We Are Accepting Submissions

With or Without an Agent

Detectives Wanted!

You may be a former detective with a story to tell.

You may be a victim or a relative of a victim of a horrendous crime and you also have a story to tell which currently no one is hearing or reading.

Undercover tales and serial killers are my strength, but I am willing to consider any great story in the true crime genre.

We will also consider crime fiction submissions as long as they are fast-paced thrillers and preferably either the start of a series or you intend writing a series.

Your true crime story is ideally set in the United Kingdom, or possibly the United States, Canada or Australia.

Those are the areas of interest for me and Hendry Publishing Ltd.  I, Stephen Bentley, can bring your story to life by writing and publishing your story through Hendry Publishing Ltd – Registered in England and Wales; Company Registration Number 13486229; Registered Office: 20-22 Wenlock Road London N1 7GU. I am a director of that company.

More to the point, I have had a true crime book published by Penguin Random House UK. In addition, I have also written many crime fiction books. You can see all of my books and my full bio on my author website. 

Books Written by Stephen Bentley and You

What’s in it for you?

  • A generous 50% of all royalty income from eBook and print editions (net receipts)
  • 50% of any income from TV/film rights
  • 50% of any audiobook royalty income (net receipts)
  • Your name as a co-author on the book if applicable
  • Copyrighted in your name and that of Stephen Bentley if applicable
  • The satisfaction of having your story told

What We Do and Don’t Do

  • We do not charge any fees
  • We take 50% of all royalty income and 50% of any income from TV/film rights
  • The book is written by Stephen Bentley with you as co-author if applicable
  • Copyright is you and Stephen Bentley if applicable
  • We arrange a UK ISBN for all editions
  • We arrange the book cover design
  • We have the final manuscript professionally edited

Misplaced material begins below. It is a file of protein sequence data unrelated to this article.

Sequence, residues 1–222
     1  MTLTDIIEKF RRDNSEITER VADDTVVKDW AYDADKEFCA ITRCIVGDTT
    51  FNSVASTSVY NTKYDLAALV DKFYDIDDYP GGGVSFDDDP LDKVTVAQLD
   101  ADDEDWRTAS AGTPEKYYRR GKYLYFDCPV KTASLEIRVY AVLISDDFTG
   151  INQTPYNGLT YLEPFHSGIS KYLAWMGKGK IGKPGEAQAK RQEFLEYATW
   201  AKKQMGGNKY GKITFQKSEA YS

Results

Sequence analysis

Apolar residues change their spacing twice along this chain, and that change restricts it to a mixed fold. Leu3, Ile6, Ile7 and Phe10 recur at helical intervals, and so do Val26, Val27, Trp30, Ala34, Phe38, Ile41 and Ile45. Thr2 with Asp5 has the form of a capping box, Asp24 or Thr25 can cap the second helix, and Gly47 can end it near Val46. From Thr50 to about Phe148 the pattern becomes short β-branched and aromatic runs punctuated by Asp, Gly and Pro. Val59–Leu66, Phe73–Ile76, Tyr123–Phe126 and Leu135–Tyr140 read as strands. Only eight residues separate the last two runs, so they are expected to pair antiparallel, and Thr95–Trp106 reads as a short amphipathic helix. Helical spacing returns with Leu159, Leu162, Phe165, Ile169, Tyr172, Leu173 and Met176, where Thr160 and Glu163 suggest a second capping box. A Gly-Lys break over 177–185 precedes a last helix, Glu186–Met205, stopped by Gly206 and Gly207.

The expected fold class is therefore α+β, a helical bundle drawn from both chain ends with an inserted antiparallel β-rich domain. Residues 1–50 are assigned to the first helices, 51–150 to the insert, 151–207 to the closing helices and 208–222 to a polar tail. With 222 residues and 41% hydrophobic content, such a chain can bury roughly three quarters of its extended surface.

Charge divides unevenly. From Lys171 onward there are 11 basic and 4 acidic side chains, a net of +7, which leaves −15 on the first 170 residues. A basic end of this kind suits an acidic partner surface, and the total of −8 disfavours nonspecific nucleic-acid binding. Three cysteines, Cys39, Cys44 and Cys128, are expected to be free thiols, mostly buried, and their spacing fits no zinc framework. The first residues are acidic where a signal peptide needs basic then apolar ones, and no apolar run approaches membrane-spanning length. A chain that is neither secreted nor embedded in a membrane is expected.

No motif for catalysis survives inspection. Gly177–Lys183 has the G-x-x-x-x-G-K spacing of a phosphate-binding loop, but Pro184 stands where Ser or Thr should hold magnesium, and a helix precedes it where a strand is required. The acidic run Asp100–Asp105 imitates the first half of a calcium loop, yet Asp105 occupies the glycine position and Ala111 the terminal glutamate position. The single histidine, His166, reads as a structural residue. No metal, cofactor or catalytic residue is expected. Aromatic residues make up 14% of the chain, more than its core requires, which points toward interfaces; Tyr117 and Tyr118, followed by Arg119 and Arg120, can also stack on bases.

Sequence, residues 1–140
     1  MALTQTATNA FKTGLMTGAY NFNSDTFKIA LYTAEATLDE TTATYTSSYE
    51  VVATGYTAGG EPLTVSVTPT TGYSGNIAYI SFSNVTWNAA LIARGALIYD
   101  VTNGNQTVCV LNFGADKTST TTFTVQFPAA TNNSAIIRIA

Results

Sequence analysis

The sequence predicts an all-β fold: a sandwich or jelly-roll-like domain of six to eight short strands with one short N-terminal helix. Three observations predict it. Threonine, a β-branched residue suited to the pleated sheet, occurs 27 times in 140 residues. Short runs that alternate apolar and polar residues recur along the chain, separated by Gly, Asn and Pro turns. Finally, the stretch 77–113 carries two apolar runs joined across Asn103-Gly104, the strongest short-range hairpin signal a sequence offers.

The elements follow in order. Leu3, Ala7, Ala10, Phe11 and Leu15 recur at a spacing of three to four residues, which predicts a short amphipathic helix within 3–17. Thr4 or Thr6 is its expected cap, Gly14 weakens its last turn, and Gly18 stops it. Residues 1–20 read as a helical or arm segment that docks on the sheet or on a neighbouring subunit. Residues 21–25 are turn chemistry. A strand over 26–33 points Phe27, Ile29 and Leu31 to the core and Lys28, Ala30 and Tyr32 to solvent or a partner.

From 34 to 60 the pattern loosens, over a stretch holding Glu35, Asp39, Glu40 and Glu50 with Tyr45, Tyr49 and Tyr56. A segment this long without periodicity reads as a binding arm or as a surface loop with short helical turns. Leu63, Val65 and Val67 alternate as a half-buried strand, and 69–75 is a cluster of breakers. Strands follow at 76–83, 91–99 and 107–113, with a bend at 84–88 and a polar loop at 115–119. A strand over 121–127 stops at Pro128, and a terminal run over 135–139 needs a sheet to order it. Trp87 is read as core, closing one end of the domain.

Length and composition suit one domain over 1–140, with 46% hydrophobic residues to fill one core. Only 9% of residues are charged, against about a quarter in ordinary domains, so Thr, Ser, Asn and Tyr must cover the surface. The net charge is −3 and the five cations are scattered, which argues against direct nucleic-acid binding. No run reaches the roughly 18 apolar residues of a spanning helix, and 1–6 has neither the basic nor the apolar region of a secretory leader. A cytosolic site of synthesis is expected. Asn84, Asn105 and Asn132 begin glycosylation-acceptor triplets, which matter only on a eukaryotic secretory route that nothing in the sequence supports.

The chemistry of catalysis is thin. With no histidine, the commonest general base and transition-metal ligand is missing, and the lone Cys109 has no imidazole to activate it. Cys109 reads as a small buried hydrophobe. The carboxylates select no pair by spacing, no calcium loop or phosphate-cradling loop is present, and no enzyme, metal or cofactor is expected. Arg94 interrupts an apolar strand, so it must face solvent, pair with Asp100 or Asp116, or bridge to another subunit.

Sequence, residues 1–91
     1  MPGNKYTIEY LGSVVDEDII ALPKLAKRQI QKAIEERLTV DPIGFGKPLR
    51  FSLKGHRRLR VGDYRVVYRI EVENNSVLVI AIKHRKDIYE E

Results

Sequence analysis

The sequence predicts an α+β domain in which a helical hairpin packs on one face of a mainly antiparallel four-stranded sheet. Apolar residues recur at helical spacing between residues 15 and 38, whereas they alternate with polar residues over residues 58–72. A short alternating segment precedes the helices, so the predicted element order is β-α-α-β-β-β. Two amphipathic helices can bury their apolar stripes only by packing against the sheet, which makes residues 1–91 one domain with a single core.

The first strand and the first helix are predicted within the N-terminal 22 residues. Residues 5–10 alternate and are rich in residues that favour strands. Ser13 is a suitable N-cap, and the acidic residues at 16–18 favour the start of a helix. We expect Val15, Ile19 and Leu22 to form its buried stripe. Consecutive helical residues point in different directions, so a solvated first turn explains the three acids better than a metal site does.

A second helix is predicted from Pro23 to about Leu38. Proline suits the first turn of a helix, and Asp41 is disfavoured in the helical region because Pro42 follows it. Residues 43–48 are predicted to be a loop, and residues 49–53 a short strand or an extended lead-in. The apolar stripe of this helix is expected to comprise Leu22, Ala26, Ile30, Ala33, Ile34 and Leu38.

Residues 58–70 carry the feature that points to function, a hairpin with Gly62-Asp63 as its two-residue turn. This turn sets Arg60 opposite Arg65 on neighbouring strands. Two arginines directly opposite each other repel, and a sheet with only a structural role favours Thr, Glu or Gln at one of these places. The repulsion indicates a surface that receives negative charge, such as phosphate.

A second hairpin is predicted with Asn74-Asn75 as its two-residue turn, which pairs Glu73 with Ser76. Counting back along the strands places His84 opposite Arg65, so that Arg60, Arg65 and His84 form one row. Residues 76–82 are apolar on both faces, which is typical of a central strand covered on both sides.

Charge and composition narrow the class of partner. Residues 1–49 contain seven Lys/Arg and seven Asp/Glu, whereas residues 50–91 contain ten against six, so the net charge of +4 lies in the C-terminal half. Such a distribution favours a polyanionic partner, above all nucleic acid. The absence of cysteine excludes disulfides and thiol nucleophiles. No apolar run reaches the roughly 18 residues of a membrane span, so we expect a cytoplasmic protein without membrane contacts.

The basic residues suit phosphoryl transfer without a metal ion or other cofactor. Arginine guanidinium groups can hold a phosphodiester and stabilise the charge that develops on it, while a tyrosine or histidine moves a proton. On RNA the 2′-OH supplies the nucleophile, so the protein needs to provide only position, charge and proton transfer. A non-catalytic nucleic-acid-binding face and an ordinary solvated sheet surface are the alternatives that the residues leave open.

• After editing, we will format the book for digital and print editions
  • The finished book will be distributed by Hendry Publishing Ltd to sales outlets including Amazon and will be available for order by other major book retailers
  • We market the book utilising our mailing list of thousands of subscribers; via social media; through book bloggers; and a press release to targeted journalists
  • We may at our discretion run paid advertising campaigns

Books Written Solely by You

All the above but copyright is in your name only.

What We Need from You

For true crime collaborations with Stephen Bentley,  in the first instance and in strict confidence, use the contact form below and in about 2000 words tell us something about you, your story in outline, and why you think it would make a great book.

For crime fiction, please send a synopsis and the first three chapters and tell us a bit about you and we will get back to you if we need a full manuscript of your book.

Following that and if the story is of interest, a publishing contract will be sent to you for your signature before any work is undertaken. If you hear nothing from us after 3 months, I’m sorry but your proposal has not been successful.

For books written together with Stephen Bentley, and once the contract is signed, you will be expected to forward your story in instalments by way of secure email. It’s best if you can dictate your story and have it transcribed using an app or software into a Word document. Do not fret or worry about grammar and punctuation. I have your back and that’s what I do – turn your story into a book.

The Alternatives

  • Write it yourself
  • Pay at least £2000 for a ghost-writer for a book of about 70,000 words
  • Try to have it published

All of those are potentially fraught with difficulties because writing the book is only the first step. You need to have it published. To become published you almost certainly will need a literary agent and that is not easy. If you are lucky enough to find one who will accept you as a client, s/he will take 15-20% of your income. Then if your agent lands you a traditional publishing deal, and it’s a big IF, the publisher will take far more than 50% of your royalty income. Typically, you will get around 10% of the price of every book sold. With a traditional publishing deal, you may or may not receive an advance on royalties. That advance is unlikely to be much for an unknown author.

The Traditional Publishing Industry

It’s no wonder the traditional publishing industry is seen by many as a relic of a bygone age. There are more and more traditionally published authors, including me, who have had enough of the antiquated ways and methods of an industry with its roots in the master/slave mentality of centuries long gone.

The following excerpts illustrate that point.

QUESTION OF THE WEEK: I recently heard a comment that the big publishers are trying to hold onto an old model of publishing that doesn’t work so well anymore. Is this true? Why doesn’t it work, and how could the model be changed?